Continuous Improvement of the Mind
Over the past few years, I’ve been increasing my capabilities in the software engineering and leadership spaces. Truth is, I’m really a big fan of agile software development, and get a kick out of working with high performing teams towards a common objective.
My challenge has historically been that I haven’t always been in roles which align towards the software engineering space, and so I needed to determine alternative ways in which I could gain relevant capabilities and experience, at a minimal cost.
I started my career in the infrastructure and operations spaces, and really got to understand how things work on the systems side of the IT industry. I delved into compute, operating systems, storage, networks, etc. and my career naturally evolved towards cloud platforms.
Cloud platforms gave me my first real experience with interfacing directly with APIs, and that was a real kick. I was no longer relying on a faceless software developer on the other-end of an open-source project, on the other side of the world to develop my tools for me. For the first time, I wasn’t only a consumer, but a contributor! This feeling was good, and I decided that I really want to use my newfound superpowers make the world a better place, through software.
Unfortunately, aspirations themselves aren’t enough. This was something which I wanted to do, so got down to thinking about the traditional ways in which developers break into that field. I decided that the most common way is through a Computer Science degree. I also determined that I simply don’t have the time to go through a degree in addition to my day-to-day responsibilities.
I thought about it a little bit more, and we’re in the age of information. There is no reason why I need to be dependant on someone else to formally teach me something, or hold me accountable. I took ownership of my ambitions, and decided to purchase some reputable books which aligned to my interests and goals.
I’ve listed some of the books which I’ve found to be really useful to gain a broader knowledge of practices in the industry below:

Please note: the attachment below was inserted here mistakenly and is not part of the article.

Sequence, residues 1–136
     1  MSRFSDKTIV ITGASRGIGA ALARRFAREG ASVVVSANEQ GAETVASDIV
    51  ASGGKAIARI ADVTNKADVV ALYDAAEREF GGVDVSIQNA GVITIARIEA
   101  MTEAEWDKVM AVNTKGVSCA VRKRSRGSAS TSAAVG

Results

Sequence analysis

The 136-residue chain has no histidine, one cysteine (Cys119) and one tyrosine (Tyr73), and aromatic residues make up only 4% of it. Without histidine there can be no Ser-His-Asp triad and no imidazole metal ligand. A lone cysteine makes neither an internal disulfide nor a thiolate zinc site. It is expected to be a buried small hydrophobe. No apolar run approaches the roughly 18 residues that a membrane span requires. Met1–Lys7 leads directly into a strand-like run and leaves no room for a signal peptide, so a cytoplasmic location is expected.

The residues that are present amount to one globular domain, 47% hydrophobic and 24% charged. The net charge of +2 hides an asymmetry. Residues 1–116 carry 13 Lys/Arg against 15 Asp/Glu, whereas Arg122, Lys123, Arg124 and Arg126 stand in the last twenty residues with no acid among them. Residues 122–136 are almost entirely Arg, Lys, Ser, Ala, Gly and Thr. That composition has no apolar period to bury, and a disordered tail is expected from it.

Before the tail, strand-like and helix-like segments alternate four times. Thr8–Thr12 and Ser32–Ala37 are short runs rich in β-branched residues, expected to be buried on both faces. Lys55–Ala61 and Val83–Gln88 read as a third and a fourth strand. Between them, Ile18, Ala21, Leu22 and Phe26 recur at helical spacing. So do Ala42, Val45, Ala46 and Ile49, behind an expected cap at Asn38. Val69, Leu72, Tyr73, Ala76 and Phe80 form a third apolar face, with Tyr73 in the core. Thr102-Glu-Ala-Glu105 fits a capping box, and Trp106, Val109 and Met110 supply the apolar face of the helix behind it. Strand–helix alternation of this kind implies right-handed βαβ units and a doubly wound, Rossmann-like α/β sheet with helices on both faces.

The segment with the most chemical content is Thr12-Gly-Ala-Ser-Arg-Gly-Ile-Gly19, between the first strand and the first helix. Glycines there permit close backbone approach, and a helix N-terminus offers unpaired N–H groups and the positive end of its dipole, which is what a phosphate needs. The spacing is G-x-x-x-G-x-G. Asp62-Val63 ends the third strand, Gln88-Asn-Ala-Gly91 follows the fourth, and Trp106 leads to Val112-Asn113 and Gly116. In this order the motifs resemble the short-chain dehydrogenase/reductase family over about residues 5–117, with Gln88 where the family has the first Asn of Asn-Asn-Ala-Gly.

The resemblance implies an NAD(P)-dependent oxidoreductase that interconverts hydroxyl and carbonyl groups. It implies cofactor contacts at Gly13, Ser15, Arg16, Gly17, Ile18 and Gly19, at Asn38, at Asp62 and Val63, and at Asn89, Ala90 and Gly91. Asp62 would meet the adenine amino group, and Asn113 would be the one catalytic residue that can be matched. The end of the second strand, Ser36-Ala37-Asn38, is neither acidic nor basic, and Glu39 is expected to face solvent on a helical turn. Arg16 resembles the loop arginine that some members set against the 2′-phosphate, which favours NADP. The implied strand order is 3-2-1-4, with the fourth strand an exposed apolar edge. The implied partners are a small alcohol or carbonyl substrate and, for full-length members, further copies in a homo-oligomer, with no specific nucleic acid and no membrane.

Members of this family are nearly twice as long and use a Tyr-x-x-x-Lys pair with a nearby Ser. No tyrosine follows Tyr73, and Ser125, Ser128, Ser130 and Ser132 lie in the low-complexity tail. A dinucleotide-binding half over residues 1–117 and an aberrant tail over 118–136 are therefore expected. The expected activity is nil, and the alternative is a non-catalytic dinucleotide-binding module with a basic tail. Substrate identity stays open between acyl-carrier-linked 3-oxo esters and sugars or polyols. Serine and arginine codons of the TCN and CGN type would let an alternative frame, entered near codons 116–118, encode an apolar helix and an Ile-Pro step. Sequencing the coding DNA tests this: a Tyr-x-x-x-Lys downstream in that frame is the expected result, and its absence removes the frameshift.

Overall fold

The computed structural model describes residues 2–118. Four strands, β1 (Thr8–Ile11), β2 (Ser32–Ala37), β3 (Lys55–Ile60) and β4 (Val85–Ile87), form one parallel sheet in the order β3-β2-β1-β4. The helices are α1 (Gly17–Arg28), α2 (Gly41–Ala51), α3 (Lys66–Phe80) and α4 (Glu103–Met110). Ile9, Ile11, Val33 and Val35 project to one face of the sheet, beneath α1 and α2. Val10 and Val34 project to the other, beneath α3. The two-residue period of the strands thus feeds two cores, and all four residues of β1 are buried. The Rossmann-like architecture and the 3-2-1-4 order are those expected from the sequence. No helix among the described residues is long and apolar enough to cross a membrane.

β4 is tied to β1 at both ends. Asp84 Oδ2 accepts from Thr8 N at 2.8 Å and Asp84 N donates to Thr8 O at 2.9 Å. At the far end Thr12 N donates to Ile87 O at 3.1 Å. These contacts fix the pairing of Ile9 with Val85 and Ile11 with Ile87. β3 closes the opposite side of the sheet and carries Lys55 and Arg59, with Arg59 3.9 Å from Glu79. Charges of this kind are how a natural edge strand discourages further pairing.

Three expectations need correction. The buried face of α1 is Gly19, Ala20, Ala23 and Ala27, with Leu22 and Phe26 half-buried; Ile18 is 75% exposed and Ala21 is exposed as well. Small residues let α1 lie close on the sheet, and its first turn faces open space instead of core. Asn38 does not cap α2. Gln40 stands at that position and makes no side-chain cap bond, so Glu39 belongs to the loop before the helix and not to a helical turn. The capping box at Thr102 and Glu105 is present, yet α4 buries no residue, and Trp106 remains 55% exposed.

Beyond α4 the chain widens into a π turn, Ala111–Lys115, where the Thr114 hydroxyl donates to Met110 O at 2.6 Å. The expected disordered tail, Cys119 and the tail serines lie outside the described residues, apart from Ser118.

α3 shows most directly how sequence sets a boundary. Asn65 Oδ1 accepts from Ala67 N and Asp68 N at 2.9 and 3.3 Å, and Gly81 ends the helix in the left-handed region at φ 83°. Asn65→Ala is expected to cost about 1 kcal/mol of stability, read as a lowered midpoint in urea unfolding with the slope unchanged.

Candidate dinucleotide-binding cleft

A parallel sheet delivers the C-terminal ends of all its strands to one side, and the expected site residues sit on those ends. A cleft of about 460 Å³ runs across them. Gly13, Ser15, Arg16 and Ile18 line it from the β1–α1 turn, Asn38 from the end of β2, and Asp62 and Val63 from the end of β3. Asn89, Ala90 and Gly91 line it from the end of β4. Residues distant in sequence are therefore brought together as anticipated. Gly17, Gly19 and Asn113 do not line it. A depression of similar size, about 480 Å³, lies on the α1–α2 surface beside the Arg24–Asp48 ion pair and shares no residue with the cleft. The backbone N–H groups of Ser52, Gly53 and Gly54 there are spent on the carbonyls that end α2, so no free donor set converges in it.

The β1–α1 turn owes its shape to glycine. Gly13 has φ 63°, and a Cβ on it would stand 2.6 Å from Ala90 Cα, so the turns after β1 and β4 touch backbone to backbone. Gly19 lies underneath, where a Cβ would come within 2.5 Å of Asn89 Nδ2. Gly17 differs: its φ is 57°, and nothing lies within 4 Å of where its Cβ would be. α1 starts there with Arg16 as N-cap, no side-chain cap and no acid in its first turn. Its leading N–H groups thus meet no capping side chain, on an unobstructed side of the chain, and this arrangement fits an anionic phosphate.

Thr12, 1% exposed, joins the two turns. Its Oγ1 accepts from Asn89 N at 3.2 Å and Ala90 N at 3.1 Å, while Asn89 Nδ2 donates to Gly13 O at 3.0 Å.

Continuous Delivery: Reliable Software Releases through Build, Test, and Deployment Automation
This book was a real eye-opener. Coming from an infrastructure background, deploying resources by hand into environments, this book showed me some really core software delivery principles which are now industry standards, and completely applicable to infrastructure, also. Definitely a must-read for anyone engineering in IT in 2019 (across both software and infrastructure).
Clean Code: A Handbook of Agile Software Craftsmanship
Clean Code is another one of those books which are really applicable for both software and infrastructure engineers to read. Occasionally I’ll see teams falling into pitfalls of poorly structured code, which ends up preventing contributors from moving forward, for fear of the unknown consequences of a seemingly benign change. While the core language which this book references is Java, the principles are fairly portable to many other languages.
The Go Programming Language
Historically, I had spent most of my time learning development through practical experience, so this was actually the first programming language book which I read from cover-to-cover. It’s been a while since reading this, but it introduced me to a lot of practices which I’d previously been unfamiliar with. In general, it’s a great book to get you up to speed with implementations specific to Go, and it’s really well written, with good examples.
Domain-Driven Design: Tackling Complexity in the Heart of Software
Surprisingly, to me, there was actually very little specifically about programming withing this book (I went in not actually knowing much about DDD). This book is really good for learning how to collaborate across both business and technology teams to achieve a common outcome. Really brought some things to the surface and explicitly defined a lot of things which really should be common sense. Definitely a must-read for anyone working across business and technology teams.
Java: A Beginner’s Guide, Seventh Edition
I picked up this book because I wanted to gain more historical context around what is arguably one of the most mature and widely-used languages across the IT industry. While this is titled “A Beginner’s Guide”, It can act as a great reference for concepts applicable to Java. The book also provides some great insight around general programming concepts which a less experienced programmer might not be familiar with. A dry read to go through from end-to-end, but really a good source to cover many common programming constructs in one palce.
I’ve found through reading such varied material, the subject matter will often compliment each other. This has provided me with a greater understanding of “new” concepts and practices which I can contribute to environments which I’m working in every day.
While my primary source of study has been books, there are also many YouTube channels, online courses, blog posts, and other resources available out there to study. Even Twitter feeds will provide you with nuggets of information which may provoke you to explore a topic further (I’ve done this many times before.)
There is always more to learn, and always will be, but by taking ownership of my interests, I’ve now built a solid foundation upon which my knowledge can continue to grow. There is such a wealth of information out there targeting almost any subject matter. While my specific areas of interest may not align with yours, I strongly encourage you to think about what interests you, and explore that field more deeply. I promise that you will find the return on investment to be invaluable.